Grush's emulator model appears to be consistent with the idea of a body schema, that is, a detailed mental representation of the body, its structure, and movement in relation to the environment. If the emulator is equivalent to a body schema, then the next step will be to specify how the emulator accounts for neuropsychological and developmental phenomena that have long been hypothesized to involve the body schema.
Immanuel Kant’s “Schema” and J. G. Fichte’s “Bild” are parallel figures of activity that serve as bridges. For both Kant and Fichte, it is not the image/schema taken as product that is primary, but the act of imaging. I show how Fichte leans on the Kantian argumentation of the schematism in order to attempt bridging the gulf critical philosophy leaves between theoretical and practical philosophy. My broader purpose is to indicate how two German Idealists emphasize activity as a (...) way of solving philosophical problems. (shrink)
My intention in this paper is to present a schema for understanding ï¿½sthetic transactions. (By 'ï¿½sthetic transactions' I mean to refer to the artist's creation of a work of art and the audience's appreciation of it). For Kant a schema was a rule or principle that enables the under- standing to apply its categories. I am using this term in a narrower sense but in the same spirit : The schema to be considered is to serve as (...) a principle which will allow us to grasp in a definitive fashion the special character of ï¿½sthetic transactions. (shrink)
Ferdinand Gonseth n'a cessé d'approfondir sa conception de la fonction épistémologique dévolue à l'analogie dans le cadre de sa doctrine de l'"idonéisme". Cette recherche passa toujours par une appropriation critique de la phénoménologie. L'auteur examine ici comment s'établit, dès 1936, un principe d'analogicité entre des plans d'abstraction et d'approfondissement phénoménotechnique qui s'éloignent de plus en plus de l'expérience perceptive ordinaire. La concordance est alors assurée par la notion de "schéma", qu'il reprend au "phénoménologiste" Kaufmann, mais à laquelle il confère d'autres (...) propriétés (notamment une structure de groupe). Gonseth introduit, par la suite, les notions d'"horizon de subjectivité" et d'"horizon d'objectivité", ce qui, tout en se démarquant des analyses d'Edmund Husserl, prolonge l'appropriation du vocabulaire phénoménologique. Dans un dernier temps, il adopta la notion de "référentiel", élaborée en rupture avec la philosophie du sujet, mais qui demeure encore attachée à des structures phénoménologiques. Son projet épistémologique encourage ainsi la pratique d'une "phénoménologie ouverte". (shrink)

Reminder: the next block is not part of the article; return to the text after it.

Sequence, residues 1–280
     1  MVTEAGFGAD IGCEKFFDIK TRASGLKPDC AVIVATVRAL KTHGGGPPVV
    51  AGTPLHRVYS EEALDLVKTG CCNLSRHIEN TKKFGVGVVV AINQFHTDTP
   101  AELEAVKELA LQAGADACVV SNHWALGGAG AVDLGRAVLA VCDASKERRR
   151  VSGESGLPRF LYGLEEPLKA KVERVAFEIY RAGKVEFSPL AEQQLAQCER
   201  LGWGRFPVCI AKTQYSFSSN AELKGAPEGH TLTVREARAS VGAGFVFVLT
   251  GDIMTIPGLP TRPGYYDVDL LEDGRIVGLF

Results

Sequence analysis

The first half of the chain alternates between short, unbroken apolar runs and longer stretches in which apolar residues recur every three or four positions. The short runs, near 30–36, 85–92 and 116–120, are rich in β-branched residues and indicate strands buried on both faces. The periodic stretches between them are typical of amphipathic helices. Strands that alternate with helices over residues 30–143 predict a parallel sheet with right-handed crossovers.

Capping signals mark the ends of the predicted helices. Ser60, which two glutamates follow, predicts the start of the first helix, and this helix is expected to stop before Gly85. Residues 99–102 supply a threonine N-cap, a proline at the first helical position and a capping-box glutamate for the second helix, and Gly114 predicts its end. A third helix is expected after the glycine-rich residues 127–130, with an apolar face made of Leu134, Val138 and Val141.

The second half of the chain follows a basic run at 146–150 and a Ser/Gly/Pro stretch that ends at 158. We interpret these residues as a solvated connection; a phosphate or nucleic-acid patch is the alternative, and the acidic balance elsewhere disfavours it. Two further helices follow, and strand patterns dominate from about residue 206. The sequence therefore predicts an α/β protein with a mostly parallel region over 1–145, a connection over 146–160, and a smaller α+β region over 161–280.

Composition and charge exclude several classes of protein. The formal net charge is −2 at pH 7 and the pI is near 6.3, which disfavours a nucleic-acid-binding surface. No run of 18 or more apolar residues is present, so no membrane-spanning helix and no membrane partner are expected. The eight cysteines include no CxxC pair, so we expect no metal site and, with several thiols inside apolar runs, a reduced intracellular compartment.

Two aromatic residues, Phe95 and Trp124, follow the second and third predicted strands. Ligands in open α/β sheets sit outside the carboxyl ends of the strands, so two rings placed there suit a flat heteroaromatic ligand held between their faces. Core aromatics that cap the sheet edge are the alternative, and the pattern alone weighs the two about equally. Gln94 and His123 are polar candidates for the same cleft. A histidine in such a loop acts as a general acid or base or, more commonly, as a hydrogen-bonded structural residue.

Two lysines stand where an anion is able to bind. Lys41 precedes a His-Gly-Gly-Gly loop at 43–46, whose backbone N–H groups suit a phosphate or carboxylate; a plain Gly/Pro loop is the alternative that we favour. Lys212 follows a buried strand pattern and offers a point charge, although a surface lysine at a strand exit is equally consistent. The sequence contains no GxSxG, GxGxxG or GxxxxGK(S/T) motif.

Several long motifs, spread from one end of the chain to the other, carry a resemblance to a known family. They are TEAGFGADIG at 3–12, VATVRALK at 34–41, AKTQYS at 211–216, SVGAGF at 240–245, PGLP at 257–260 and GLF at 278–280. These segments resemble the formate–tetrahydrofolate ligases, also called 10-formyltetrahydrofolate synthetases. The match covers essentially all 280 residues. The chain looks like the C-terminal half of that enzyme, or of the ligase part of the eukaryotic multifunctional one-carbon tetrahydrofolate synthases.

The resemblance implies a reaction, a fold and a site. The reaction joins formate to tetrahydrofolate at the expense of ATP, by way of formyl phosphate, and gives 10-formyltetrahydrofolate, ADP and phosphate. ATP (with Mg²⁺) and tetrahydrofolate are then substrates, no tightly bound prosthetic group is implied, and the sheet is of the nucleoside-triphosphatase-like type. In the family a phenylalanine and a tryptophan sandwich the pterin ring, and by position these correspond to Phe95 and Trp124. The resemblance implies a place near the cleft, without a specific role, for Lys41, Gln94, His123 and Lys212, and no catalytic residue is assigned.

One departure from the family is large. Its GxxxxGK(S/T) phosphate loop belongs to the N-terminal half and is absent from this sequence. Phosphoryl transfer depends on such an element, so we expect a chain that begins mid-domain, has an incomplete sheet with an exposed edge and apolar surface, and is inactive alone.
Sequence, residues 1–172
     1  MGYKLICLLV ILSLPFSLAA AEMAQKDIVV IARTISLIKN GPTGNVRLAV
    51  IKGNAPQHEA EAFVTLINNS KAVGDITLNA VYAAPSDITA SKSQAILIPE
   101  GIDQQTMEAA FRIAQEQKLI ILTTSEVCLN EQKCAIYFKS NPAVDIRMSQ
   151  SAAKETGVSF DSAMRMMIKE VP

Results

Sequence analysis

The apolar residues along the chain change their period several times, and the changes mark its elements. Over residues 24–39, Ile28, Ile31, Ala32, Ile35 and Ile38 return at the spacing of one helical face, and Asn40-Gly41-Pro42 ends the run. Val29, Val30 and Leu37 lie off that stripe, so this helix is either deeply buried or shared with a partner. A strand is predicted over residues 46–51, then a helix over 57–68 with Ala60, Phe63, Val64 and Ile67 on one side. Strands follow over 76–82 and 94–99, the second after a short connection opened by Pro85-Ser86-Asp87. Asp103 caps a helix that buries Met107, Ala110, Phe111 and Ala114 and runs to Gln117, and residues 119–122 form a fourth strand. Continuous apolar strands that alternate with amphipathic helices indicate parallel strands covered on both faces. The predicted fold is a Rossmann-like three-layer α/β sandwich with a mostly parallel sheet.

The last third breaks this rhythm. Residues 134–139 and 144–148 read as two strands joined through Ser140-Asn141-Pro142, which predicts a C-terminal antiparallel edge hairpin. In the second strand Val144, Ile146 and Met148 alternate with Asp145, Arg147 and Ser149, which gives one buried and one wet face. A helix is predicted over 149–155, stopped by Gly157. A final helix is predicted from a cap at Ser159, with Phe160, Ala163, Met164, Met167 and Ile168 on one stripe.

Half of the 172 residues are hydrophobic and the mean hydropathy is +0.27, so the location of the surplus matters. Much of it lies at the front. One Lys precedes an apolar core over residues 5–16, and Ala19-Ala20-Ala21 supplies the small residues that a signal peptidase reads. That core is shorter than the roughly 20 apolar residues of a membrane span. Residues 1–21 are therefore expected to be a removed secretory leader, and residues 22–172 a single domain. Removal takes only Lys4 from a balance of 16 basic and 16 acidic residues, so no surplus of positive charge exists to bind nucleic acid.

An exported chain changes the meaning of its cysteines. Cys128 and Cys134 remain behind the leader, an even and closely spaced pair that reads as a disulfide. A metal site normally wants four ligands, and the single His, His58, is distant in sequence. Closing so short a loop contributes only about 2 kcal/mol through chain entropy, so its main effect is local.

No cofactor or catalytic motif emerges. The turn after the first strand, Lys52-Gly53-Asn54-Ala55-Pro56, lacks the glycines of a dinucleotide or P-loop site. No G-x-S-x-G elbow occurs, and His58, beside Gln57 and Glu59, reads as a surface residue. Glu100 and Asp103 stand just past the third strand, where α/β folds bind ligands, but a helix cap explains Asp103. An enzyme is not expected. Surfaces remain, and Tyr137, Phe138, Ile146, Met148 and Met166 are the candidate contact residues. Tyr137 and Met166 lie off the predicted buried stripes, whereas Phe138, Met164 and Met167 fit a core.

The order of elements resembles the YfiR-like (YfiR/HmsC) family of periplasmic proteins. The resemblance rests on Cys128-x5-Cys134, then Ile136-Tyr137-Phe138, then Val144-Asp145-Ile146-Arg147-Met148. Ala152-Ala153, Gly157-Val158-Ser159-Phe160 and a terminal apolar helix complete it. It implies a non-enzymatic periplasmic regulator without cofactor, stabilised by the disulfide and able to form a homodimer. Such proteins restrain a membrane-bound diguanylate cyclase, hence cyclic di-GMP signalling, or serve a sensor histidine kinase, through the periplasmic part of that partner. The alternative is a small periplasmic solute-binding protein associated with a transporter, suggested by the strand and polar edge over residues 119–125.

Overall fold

This article explores the ethics of migrant marketers in Guangzhou. Data were collected from 357 migrant marketers who lived in Guangzhou. A model of Ethical Action has been developed to test the antecedents and outcomes of the ethical decision-making process. It measured moral intention using four ethical scenarios. The results show that the egoistic schema had a positive effect on their intention to act unethically, while the legislative schema exerted a negative effect. The results confirm that moral intention (...) was a strong predictor of an individual's subsequent actual behavior, and it fully mediated the influence of the legislative schema on actual behavior. This study adds to ethics literature by incorporating the construct of social identity and found a moderating effect between the legislative schema and moral intention. The relationships were stronger for individuals who were lower rather than higher in social identity. Analysis of these results lead to a discussion of the implications for marketing ethics in China. (shrink)
Following a Toulmian account of argument analysis and evaluation, I offer a general unitary schema for, so called, deductive and inductive types of analogical arguments. This schema is able to explain why certain analogical arguments can be said to be deductive, and yet, also defeasible.
Within the realms of cognitive studies, spatial structure is one of the few domains where attempts to trace mental representations from the level of sensory input conditions through conceptual structure to their lexical and grammatical organization seem to be feasible and revealing. Presenting a linguist's approach to the meaning and use of spatial dimensional terms, the paper aims to demonstrate why and how the semantic analysis of these linguistic items has to be justified in terms of nonlinguistic conceptual structure formation, (...) which in turn has to be shown to derive from categorized perceptual input. Regarding framework and approach, the paper supplements Manfred Bierwisch's recent article on Comparison in JS, 6: 1.57-93 and 2.101-146. As to substance, it is argued that the structure of conceptual knowledge of spatial objects can plausibly be modelled by means of object schemata which result from two interacting categorization grids called Primary Perceptual Space and Inherent Proportion Schema. Offering an analysis which draws on linguistic theorizing, the paper is meant as an invitation to psycholinguists and psychologists for discussion and cooperation. (shrink)